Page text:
But without love, the existence is merely perfunctory. Even animals exist. Even plants grow and wither. Even machines upgrade. That heart wasn’t given to you just to pump blood.

You’re subconsciously told and drilled to be ordinary, no matter how much they tell you to strive to be not. While the truth is, you’re supposed to move towards being a legend, no matter how much you strive to blend.

Or maybe the heart really was meant to just pump blood. Stupid humans dribbling it off course with their dirty mushy fingers. Then letting the poor heart dangle by their sleeve. But then we evolved into a multitasking race, didn’t we? Let’s explore it’s full potential.

We all take birth and do die. They say it’s the in between that matters.

The in between of being hopeless and hopeful. Of being raised to exultation and dumped into mourning. Between “what if” and “why not”. It’s never the extremes that teach us the survival skills anyway. Ah, the comfort of slinking into oblivion of the in-betweeness.

And then they still ask, why love? Why ain’t I enough? Because you aren’t programmed to be. Because no matter how much you master solitude, you’re slave to your desires.

Howsoever you bask in your self love, you crave appreciation. Some outspokenly. Some in hush hush subtlety. We love being loved.

Why fear a heart ache or a heart break? Do you fear death? Do you not get into your car each day knowing millions of people die in road accidents without it being their fault?

Do you not want to bungee jump or go trekking or scuba diving? Or for the less adventurous ones, visit a foreign land, taste exotic food, drive on an empty road by the sea at night?

We’re tuned differently in degrees, but like those toy soldiers made from a single teaspoon, we originate from the same base.

Find what gives solace to your heart and hold on tight to it. For however they’ve spoilt through over usage of this saying, but the truth is, you do only live once. And you’d die once and for all too.

Live, love, let live.

P.S. These were supposed to be random thoughts and hence probably the lack of any structure. But then I thought, let me put it here. Maybe the shoe fits someone.

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I read: The Four: The Hidden DNA of Amazon, Apple, Facebook and Google

‘The Four’ considers the enormous power accrued by the big four technology giants Amazon, Apple, Facebook and Google. Whilst it isn’t a fiction, it really gives you an insight into how these huge corporation came up from a ‘germ’ of an idea to becoming what they are today; the exception being Apple, however, that organisation really did undertake a metamorphosis to come back from the brink of collapse and introduced levels of innovation never before seen in the consumer world.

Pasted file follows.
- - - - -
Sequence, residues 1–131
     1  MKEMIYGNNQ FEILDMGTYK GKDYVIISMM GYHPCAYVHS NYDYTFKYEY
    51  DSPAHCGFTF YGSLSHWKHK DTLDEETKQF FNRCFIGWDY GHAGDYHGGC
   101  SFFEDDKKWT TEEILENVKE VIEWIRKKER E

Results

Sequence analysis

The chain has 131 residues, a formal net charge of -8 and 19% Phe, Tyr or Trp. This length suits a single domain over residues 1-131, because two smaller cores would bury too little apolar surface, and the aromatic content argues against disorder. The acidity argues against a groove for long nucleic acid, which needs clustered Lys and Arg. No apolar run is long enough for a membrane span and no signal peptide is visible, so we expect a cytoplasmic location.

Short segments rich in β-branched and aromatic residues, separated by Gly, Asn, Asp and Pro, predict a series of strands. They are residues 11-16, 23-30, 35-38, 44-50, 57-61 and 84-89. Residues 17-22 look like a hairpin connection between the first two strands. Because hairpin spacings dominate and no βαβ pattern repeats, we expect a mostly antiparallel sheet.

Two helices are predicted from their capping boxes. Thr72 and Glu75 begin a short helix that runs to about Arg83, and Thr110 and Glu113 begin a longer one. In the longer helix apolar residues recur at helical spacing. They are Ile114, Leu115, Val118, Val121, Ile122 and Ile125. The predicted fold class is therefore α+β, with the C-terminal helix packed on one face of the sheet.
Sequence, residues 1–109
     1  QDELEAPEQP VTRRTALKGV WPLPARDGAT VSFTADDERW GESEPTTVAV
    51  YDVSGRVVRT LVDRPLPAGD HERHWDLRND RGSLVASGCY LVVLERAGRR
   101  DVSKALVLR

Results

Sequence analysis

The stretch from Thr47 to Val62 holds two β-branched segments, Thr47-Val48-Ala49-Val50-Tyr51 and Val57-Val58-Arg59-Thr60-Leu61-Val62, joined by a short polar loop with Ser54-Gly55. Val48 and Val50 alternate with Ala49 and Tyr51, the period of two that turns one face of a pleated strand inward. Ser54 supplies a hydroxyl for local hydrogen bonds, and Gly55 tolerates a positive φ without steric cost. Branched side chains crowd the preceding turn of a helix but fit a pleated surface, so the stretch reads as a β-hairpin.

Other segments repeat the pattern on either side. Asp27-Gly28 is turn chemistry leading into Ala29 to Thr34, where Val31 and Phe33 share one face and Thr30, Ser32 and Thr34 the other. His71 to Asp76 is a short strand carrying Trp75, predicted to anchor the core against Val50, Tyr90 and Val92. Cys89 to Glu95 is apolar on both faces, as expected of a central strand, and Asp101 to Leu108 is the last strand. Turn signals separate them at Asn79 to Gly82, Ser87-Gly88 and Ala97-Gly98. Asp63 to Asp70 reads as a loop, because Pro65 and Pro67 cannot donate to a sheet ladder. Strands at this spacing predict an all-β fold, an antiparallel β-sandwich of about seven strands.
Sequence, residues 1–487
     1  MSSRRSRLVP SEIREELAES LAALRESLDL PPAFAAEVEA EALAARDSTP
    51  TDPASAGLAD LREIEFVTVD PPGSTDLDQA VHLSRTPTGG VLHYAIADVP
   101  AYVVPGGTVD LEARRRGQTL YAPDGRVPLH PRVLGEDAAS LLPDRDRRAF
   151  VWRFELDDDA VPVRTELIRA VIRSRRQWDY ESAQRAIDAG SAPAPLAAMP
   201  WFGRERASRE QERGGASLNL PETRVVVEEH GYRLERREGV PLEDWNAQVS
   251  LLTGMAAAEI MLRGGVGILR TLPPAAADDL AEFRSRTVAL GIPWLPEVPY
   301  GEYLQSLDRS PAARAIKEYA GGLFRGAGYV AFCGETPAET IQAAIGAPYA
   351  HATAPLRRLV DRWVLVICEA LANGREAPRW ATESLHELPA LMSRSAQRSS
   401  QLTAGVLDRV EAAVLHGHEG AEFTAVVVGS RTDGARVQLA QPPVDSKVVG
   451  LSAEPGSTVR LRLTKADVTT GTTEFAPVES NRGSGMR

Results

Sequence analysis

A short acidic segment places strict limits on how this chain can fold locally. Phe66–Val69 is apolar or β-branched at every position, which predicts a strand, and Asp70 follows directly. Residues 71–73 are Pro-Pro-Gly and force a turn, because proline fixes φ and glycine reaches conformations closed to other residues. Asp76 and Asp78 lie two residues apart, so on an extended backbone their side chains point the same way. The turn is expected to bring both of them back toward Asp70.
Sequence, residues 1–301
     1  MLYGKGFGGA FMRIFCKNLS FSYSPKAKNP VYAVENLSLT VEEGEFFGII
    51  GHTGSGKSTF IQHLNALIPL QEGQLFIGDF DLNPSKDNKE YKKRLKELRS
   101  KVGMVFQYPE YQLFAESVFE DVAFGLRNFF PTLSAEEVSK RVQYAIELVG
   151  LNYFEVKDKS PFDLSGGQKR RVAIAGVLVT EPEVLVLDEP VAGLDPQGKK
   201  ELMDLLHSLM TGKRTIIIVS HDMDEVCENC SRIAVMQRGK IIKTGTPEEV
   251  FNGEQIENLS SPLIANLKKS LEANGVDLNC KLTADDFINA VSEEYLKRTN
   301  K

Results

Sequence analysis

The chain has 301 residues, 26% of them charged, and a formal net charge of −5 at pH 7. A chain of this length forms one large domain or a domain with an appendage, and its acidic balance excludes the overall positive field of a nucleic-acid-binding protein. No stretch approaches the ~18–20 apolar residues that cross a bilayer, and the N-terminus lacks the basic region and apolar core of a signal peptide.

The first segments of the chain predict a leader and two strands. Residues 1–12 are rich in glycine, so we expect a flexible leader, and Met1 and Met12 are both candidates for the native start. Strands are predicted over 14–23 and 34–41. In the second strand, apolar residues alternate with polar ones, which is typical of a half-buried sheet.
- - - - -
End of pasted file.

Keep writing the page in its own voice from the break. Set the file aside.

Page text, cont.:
Remember when Tom Hanks puts the smaller competitor out of business in the movie ‘You’ve Got Mail’, he puts it simply – “It’s not personal, it’s business”. Well, Scott Galloway has been, a number of times that smaller competitor which has been swallowed, strangled and snuffed out. But even saying that his appraisal of the business acumen within The Four is straight and follows the same line throughout; which could lead you to wholly believe the slight bent towards how “smart” the four are. I then have to lead myself back to “it’s not personal, it’s business”. 😉

The book points the trail of how socially involved the big four and their operations are in our everyday lives. It does an excellent job in putting a context to how dependent yet oblivious we are to the encroachment of the big four into our lives. The featured companies have managed to get ‘inside our minds’ to create an emotional, perhaps addictive, relationship with us, even if we do not necessarily know it or accept it. Don’t agree with me? Try to delete various social media apps to recover from so called “Facebook depression” only to discover it is virtually impossible to share photographs you have taken with your smartphones on the same social media. Difficult, isn’t it?

This observation takes place at a very interesting time for the only competition the Four face are from each other, and the race is between them to become the premier operating system. The author most definitely knows what he’s talking about. He has written not only with great insight but also with considerable humour, not least about the origins of our consumerist cravings.

The first half of the book looks at the history of retail and the business strategies of each of the Four, whilst the second half chiefly considers the Four’s relations with governments and competitors and suggests future trends.